Artwork by Clarence Alphonse Gagnon,  La Mare, Baie St. Paul, 1920

Clarence Gagnon
La Mare, Baie St. Paul, 1920

oil on panel
certified by Lucile Rodier Gagnon (no.358) on a label on the reverse
4.75 x 7 ins ( 12.1 x 17.8 cms )

Sold for $23,600.00
Sale date: November 19th 2019

Provenance:
Dominion Gallery, Montreal
Watson Art Galleries, Montreal
G. Blair Laing Limited, Toronto
Private Collection, Toronto
Literature:
Hélène Sicotte and Michèle Grandbois, Clarence Gagnon, 1881-1942: Dreaming the Landscape, Musée national des beaux-arts du Québec, 2006, pages 352 and 140 for the related canvas reproduced in colour, The Pond in October, c.1921, (National Gallery of Canada)
René Boissay, Clarence Gagnon, Ottawa, 1988, pages 145-46
Clarence Gagnon spent five years in Baie St. Paul from 1919-1924. He had spent time painting in the region before, but he returned this time to settle with his second wife, Lucile Rodier, whom he had married in June 1919. Lucile Rodier has played a vital role in the legacy of her husband’s artworks, as the labels affixed to the reverse of Gagnon’s pochades are a mark of authenticity that have long assisted both collectors and scholars in the identification of the details of Gagnon’s works.

While Baie St. Paul remained a rural and somewhat isolated place, with the advent of the opening of the railway line linking the area to Quebec City and Montreal, the region became more accessible and enticed many painting friends to visit Gagnon. These visitors included A.Y. Jackson, Randolph Hewton, Mabel May, Edwin Holgate, Albert Robinson and Lilias Torrance Netwon, who often joined Gagnon on outdoor painting expeditions. When undertaking these excursions, Gagnon often travelled on skis in the winter and on foot in the summer, always with his paint box, “Swiss bag” and sketchbook in tow.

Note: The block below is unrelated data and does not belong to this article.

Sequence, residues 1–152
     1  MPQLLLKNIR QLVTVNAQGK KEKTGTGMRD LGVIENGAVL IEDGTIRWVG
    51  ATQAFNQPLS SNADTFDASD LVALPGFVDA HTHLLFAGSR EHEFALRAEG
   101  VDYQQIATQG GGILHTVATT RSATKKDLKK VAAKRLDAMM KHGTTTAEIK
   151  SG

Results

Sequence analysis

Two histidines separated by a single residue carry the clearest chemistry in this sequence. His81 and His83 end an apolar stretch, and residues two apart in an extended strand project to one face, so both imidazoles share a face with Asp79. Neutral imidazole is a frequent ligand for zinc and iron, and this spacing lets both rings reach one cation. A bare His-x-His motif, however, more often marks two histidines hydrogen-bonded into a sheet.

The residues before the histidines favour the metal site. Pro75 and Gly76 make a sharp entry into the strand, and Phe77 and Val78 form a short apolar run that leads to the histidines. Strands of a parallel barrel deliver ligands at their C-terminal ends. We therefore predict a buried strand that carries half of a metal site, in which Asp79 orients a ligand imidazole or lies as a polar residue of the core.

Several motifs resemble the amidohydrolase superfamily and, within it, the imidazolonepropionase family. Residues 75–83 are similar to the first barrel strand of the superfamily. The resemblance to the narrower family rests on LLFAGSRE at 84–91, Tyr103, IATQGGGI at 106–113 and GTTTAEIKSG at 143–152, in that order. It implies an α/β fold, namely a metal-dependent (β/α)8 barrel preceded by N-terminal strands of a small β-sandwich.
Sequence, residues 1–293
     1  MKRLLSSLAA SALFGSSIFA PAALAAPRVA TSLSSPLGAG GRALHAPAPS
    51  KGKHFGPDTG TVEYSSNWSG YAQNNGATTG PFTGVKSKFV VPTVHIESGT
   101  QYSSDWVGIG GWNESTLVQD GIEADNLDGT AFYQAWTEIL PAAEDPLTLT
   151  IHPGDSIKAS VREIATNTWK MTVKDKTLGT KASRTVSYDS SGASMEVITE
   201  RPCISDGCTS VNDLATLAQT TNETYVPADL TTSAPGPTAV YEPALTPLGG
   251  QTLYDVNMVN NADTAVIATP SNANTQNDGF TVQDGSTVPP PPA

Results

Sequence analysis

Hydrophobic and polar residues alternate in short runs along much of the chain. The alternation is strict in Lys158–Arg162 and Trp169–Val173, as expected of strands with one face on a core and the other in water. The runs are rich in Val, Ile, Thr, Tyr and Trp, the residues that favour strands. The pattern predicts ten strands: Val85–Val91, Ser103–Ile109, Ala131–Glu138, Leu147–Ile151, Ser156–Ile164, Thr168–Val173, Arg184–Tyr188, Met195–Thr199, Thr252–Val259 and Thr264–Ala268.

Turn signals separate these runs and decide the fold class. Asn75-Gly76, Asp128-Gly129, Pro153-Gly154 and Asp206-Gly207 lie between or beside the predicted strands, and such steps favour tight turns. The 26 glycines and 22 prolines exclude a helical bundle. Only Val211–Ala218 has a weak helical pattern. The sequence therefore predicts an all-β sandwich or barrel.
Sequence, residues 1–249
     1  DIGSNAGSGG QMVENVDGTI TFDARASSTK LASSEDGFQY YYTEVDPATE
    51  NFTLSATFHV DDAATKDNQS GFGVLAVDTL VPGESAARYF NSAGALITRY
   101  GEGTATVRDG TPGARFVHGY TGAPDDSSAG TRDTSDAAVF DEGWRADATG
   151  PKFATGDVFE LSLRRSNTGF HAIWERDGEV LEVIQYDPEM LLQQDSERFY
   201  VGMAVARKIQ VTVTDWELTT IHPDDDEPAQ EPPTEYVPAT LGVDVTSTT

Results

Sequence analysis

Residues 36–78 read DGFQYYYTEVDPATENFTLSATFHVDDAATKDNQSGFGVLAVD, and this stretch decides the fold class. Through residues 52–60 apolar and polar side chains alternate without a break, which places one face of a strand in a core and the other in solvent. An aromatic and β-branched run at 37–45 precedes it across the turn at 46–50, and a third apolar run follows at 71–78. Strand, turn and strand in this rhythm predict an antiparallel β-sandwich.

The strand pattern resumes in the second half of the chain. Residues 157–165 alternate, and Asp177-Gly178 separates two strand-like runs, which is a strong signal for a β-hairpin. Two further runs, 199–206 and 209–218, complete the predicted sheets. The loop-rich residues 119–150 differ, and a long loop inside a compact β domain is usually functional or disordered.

“La Mare, Baie St. Paul”, executed in 1920, marks a change in both materials and preparations that cement Gagnon’s position as one of Canada’s greatest colourists. The chromatic and formal harmony which dominates in this work may be the result of new techniques of paint preparation that Gagnon had adopted on his return to Quebec in 1919, as the artist began experimenting with various painting preparations which involved grinding his own pigments. Boissay notes that “the grinding of colors is a long process and requires considerable energy; however, Gagnon found that it allowed him to be a more complete artist in that he was involved in every creative step of his art. Furthermore, he was able to achieve purer and subtler tones.”

This pochade, “La Mare, Baie St. Paul” is a sketch for the canvas entitled, “The Pond in October”, within the permanent collection of The National Gallery of Canada. “The Pond in October” was executed in 1921, and this sketch is one of two pochades, both entitled “La Mare, Baie St. Paul”, which Lucile Rodier has recorded within the Gagnon inventory.

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Clarence Alphonse Gagnon